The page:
I was unprepared for the black skin-tight onesie that arch-surrealist Tony Law was wearing as he bounded onto the stage. He looked ridiculous. “Front on,” offers Law by way of explanation, “I look alright in a onesie, for a forty-four year old man.” I’m sure he knows what he’s doing.
When it comes to contemporary surrealism, nobody is above the Law.
Law is adept at making the scripted sound spontaneous, the prepared seem improvised. “If I just keep talking long enough you might accidentally get jokes.” So when he announces that he’ll be consulting his notes from time to time as he hasn’t learnt the show yet, one wonders if it is a double bluff.
Those notes did come in handy though as, unusually for Law, Tonezone has a narrative of sorts. A booking agent has advised him that his act needs to be more “commercially viable” and so he’s required to be more mainstream. His resultant efforts at bantering with the audience go entertainingly badly. It is hilarious watching him attempt to depict a moving family scene about the death of a pet. During the alleged true story, Law breaks all the rules of observational comedy, but still achieves that concoction of chaos and pathos that is his signature. Law clearly enjoys sending up the very types of comedy that he’s apparently failing to emulate.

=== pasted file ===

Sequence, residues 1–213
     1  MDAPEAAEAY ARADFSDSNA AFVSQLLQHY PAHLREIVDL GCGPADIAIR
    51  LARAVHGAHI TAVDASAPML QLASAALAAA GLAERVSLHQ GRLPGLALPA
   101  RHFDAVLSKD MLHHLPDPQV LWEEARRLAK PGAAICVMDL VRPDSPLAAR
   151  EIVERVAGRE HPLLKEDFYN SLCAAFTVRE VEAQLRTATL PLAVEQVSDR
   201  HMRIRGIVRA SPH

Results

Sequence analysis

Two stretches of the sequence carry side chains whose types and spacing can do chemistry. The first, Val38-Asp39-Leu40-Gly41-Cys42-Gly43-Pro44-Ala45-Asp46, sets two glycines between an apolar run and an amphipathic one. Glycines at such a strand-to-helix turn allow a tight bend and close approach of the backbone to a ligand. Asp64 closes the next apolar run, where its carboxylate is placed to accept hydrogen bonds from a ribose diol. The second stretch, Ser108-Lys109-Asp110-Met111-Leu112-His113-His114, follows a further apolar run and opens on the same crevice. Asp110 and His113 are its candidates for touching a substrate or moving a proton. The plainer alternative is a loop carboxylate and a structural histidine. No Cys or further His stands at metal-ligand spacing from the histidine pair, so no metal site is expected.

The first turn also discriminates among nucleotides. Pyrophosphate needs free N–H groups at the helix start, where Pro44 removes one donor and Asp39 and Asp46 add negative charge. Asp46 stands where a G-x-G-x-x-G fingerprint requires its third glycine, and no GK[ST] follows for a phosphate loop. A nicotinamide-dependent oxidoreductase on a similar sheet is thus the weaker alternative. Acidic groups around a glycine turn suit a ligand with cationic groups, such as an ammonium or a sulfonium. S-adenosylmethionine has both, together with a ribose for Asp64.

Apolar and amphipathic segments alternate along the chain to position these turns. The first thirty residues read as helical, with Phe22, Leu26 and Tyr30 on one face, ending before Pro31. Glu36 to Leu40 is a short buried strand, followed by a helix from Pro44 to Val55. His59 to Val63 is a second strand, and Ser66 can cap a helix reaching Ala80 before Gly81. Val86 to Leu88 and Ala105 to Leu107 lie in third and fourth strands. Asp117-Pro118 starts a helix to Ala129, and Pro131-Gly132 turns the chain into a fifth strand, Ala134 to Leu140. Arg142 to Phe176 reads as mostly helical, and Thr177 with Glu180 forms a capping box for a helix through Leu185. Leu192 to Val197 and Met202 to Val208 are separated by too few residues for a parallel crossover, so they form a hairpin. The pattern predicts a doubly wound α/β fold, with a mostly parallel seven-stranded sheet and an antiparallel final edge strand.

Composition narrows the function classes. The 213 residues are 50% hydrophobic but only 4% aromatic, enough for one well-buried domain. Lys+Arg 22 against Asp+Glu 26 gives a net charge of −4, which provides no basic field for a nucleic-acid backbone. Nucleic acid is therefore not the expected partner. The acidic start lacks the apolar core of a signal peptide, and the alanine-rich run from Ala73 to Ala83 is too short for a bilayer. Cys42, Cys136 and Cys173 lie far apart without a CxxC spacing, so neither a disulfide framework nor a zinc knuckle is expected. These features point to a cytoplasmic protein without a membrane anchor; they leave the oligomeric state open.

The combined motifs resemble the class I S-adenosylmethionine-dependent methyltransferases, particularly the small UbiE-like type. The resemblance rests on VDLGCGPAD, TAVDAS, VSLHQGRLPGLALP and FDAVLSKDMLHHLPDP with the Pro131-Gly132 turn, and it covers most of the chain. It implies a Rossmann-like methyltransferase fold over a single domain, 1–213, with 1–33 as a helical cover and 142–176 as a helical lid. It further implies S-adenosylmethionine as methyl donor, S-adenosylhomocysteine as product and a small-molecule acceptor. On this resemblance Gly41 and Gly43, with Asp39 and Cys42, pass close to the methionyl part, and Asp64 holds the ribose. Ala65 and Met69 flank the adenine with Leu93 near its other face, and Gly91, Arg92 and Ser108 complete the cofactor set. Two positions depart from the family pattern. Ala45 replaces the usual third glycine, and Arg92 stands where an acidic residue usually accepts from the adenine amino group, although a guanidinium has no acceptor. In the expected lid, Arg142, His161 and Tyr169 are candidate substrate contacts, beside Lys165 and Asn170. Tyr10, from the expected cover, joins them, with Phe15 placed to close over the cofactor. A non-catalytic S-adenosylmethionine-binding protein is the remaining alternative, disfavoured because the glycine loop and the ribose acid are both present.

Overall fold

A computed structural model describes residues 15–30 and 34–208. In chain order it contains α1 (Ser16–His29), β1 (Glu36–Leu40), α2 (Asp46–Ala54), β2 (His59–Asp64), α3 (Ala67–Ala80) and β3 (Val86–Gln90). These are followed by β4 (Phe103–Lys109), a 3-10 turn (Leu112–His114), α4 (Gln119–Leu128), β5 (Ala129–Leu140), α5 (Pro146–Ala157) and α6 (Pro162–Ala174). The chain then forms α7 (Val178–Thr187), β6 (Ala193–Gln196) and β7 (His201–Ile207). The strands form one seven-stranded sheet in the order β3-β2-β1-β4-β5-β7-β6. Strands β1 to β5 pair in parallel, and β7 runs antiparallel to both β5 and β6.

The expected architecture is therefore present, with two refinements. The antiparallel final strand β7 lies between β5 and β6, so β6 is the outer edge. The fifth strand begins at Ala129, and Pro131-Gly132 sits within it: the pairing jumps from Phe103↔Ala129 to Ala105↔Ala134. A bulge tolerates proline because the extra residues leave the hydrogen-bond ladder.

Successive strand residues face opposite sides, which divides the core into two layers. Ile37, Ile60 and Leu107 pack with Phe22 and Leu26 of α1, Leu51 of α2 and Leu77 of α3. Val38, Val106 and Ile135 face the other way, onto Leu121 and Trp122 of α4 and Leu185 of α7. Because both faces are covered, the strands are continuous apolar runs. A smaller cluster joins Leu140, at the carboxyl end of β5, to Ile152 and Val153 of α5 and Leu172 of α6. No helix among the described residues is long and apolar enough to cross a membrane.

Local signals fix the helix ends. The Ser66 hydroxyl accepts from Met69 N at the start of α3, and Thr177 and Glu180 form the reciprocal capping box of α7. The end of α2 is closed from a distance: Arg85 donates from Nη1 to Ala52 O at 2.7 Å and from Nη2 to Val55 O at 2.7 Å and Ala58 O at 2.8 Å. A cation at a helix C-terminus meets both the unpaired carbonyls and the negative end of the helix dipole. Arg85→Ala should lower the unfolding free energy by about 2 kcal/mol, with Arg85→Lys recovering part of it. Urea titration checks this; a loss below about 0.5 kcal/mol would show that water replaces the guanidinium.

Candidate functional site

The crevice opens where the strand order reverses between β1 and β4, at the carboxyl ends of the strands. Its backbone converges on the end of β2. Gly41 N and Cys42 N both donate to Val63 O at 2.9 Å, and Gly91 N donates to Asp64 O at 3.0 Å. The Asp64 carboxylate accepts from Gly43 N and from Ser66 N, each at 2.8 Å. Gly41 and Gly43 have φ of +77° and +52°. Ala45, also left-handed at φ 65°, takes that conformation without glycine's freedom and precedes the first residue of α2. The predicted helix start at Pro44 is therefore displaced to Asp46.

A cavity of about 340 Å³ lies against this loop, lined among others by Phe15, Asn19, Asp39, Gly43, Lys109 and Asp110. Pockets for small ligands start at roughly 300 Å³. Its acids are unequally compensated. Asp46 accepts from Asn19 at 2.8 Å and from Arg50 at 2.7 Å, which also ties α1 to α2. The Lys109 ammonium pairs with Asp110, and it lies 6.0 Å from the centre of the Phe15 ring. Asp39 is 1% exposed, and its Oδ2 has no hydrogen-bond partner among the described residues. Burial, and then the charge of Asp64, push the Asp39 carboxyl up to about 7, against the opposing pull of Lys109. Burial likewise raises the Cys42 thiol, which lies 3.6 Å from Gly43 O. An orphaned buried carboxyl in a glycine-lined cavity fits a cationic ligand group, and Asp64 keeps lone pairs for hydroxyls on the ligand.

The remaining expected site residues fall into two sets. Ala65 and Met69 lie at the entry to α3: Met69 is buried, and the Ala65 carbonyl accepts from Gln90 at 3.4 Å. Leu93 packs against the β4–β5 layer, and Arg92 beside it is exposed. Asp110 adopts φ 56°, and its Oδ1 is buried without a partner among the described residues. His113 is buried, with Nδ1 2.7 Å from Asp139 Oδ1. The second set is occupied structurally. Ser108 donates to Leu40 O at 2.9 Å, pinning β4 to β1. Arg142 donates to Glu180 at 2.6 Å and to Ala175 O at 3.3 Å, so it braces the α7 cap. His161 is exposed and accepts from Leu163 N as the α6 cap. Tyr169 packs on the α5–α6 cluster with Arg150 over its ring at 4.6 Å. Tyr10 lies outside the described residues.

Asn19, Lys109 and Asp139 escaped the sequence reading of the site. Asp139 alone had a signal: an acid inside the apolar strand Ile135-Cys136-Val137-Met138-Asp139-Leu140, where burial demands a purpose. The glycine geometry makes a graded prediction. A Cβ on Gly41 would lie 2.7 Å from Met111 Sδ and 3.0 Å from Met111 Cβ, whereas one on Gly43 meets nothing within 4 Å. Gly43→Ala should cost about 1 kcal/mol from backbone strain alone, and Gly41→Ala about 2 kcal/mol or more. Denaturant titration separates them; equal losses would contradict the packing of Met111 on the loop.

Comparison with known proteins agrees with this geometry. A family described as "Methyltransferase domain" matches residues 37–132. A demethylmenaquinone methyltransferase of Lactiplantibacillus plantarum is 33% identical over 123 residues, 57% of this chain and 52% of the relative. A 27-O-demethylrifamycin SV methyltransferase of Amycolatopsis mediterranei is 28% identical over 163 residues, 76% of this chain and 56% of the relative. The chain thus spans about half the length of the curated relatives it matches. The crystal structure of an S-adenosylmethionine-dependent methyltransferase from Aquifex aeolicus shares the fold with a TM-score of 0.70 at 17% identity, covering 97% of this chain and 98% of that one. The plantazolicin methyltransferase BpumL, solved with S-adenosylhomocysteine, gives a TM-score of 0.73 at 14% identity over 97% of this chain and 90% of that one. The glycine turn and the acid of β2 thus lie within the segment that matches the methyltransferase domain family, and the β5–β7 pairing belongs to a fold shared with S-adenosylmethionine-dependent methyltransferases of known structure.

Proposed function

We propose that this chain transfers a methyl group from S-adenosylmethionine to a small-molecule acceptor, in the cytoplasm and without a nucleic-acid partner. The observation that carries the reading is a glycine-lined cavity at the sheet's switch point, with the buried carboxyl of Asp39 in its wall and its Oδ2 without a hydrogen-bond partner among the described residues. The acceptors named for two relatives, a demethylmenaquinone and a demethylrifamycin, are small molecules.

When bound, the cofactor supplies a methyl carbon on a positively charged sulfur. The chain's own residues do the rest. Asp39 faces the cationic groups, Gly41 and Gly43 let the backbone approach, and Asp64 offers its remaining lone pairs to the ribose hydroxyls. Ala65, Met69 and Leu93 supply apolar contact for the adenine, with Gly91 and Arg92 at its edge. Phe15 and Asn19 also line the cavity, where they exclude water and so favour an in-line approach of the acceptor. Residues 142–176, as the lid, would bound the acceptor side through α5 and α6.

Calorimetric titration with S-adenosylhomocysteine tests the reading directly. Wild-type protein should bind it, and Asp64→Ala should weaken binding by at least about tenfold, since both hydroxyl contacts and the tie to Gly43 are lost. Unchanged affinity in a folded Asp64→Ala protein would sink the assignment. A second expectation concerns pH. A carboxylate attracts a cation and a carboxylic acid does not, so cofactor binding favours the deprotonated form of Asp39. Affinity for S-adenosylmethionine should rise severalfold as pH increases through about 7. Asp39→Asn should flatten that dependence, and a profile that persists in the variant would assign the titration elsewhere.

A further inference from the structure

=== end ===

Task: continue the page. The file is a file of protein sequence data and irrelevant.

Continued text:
Law is a Canadian, born in Trinidad and descended from Vikings. His comedy is as unique as his ancestry. When it comes to contemporary surrealism, nobody is above the Law.